2021: the racing animus has touched everything
Reflections on the year that was
(Left) A video of Capitol Police Officer Eugene Goodman leading pro-Trump rioters away from senators during the Jan.6 insurgency attempt. (to the right) Goodman escorted Vice President Kamala Harris and Doug Emhoff Second Gentleman during the Biden-Harris inauguration.
2021 was meant to be a rebound from the devastating and astonishing losses of the previous year. Instead, 2021 looked more like the weaker sister of 2020.
It was only days before the start of this new year when black people were surprised to see a black officer empowered to carry out the will of the state fleeing a group of white men storming the nation’s capital. The blacks who watched this attempted insurrection without faith or law said to themselves: If it had been beating cops and threatening politicians we would have been shot.
This event, for which the offenders were slightly punished given the crimes close to sedition, set the tone of the year. The scaffolding they brought with the noose was all the symbolism needed to let people know that despite the scream of getting an election stolen, it was all about race.
The election fraud allegation was not what some were taking at face value. MAGA’s right-wing crowd saw the fact that “others”, that is, people other than whites – have voted in increasing numbers as a clear and present danger to the status quo of whites. All the uproar over a “fraudulent election” provided excellent cover for a new attack on voting rights.
A New York Times writer in a story on the mask debate seemed to capture the essence of the crisis and angst of 2021 by suggesting that at the root of all the social dismay lay these questions: who is an American ? Which country is it? Who is in charge, and which version of the country will ultimately win?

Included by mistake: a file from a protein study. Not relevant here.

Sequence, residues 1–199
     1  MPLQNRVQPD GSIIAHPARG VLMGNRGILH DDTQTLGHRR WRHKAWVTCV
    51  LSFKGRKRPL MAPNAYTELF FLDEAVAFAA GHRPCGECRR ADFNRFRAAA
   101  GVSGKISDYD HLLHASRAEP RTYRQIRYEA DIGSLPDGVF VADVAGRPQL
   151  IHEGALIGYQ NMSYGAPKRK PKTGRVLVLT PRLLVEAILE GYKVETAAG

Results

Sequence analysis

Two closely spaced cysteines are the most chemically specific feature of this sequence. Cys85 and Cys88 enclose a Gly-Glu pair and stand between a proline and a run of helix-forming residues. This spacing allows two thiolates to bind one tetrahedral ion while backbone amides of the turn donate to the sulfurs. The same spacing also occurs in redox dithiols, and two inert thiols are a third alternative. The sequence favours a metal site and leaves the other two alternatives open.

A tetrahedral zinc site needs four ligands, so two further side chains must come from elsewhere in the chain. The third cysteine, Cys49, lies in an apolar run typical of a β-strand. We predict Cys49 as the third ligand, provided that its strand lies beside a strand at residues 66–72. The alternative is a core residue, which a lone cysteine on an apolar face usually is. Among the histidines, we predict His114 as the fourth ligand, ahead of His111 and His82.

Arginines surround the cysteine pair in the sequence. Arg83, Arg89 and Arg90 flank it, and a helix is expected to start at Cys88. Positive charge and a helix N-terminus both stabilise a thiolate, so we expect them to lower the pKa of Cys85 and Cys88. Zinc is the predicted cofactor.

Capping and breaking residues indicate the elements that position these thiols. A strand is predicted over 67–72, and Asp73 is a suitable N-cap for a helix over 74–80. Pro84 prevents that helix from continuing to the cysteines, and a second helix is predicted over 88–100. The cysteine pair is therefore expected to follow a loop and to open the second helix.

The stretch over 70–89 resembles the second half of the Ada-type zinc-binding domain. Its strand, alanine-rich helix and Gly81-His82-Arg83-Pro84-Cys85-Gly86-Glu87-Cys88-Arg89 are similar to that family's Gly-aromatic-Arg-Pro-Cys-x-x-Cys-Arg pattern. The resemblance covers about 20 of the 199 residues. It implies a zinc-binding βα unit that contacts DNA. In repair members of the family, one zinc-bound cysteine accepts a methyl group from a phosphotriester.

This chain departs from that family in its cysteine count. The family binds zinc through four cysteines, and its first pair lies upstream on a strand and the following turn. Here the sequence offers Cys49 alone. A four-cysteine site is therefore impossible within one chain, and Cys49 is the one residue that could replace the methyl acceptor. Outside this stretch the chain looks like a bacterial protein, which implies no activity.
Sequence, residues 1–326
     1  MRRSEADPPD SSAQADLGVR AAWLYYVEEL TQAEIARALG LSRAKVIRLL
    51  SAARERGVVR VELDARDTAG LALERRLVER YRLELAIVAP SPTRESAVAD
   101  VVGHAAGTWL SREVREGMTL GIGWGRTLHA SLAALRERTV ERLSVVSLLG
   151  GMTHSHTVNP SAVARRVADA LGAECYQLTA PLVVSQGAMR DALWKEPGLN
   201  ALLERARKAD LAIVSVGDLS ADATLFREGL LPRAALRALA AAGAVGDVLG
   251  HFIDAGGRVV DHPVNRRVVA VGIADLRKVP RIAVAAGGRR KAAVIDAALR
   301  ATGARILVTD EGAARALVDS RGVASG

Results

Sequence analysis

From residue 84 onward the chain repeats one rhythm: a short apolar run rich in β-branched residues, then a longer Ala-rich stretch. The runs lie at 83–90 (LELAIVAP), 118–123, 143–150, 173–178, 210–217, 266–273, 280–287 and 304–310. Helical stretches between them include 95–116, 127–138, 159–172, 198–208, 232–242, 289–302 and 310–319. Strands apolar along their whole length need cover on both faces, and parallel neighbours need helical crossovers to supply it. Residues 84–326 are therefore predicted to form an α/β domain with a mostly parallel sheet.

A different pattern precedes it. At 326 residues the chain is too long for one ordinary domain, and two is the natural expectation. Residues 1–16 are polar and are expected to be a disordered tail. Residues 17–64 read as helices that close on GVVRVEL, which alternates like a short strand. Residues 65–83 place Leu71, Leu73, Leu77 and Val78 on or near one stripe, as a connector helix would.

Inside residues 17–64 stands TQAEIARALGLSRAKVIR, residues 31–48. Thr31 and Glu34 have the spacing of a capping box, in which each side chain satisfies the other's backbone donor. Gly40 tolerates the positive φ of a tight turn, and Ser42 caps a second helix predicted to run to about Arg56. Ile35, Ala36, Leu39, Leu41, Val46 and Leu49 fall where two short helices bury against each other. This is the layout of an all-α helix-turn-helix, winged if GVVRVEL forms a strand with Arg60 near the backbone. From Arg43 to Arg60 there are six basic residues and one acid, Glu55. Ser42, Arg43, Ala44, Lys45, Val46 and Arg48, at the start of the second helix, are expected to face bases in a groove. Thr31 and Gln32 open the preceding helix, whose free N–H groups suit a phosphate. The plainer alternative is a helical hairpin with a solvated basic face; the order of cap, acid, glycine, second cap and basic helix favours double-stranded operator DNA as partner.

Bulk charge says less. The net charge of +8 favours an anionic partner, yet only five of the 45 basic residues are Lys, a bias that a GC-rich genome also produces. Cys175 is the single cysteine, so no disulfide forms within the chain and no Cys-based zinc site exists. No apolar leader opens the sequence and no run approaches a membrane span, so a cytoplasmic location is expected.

In other words, the White Settler experience has yet to come to terms with the idea that the United States is not exclusively theirs.
The presidency was taken over and Joe Biden took office, telling blacks he was their best hope while offering few promises. Kamala Harris, the first black and female vice president, was also elected.
A young black poet laureate put the nation on the right track when she said: “We didn’t feel ready to be heirs to such a terrifying hour, but within it we found the power to write a new chapter. “
COVID-19 variants have booked 2021, with Delta kicking off the deadly course before passing an infected witness to omicron. Debates over masks, vaccinations and the virus itself have been postponed from 2020.
The pandemic has even been racialized, as reports began to circulate of hundreds of Asians being attacked across the country. Americans, in all their idiocy, somehow found a way to blame their fellow Asians for a pandemic in which they had no part.
Even education became controversial, as there was a setback against a true teaching of the nation’s history that would include the story of the contribution of blacks to this society and the struggle to overcome cruel and inhuman treatment. This manifested itself in fierce opposition to the “critical race theory” taught in schools and school board meetings filled with angry white parents.
What is it that scares them so much? It is likely that some were afraid to face the truth about how the country’s wealth was built on black people. Others fear that talking about race will diminish their view of themselves and of that nation’s history.
Yet others were nervous that their children would learn the truth that black people struggle more often in this society not because of their own incompetence, but because of white supremacy and the efforts of capitalism for them. restrain and limit the progress of blacks.
âWhy are we all of a sudden teaching our five-year-olds to be divided by color? A white woman asked in the same NY Times article. âThey don’t care what color your skin is until you say five-year-old grandpa was mean 200 years ago,â the woman said in the story.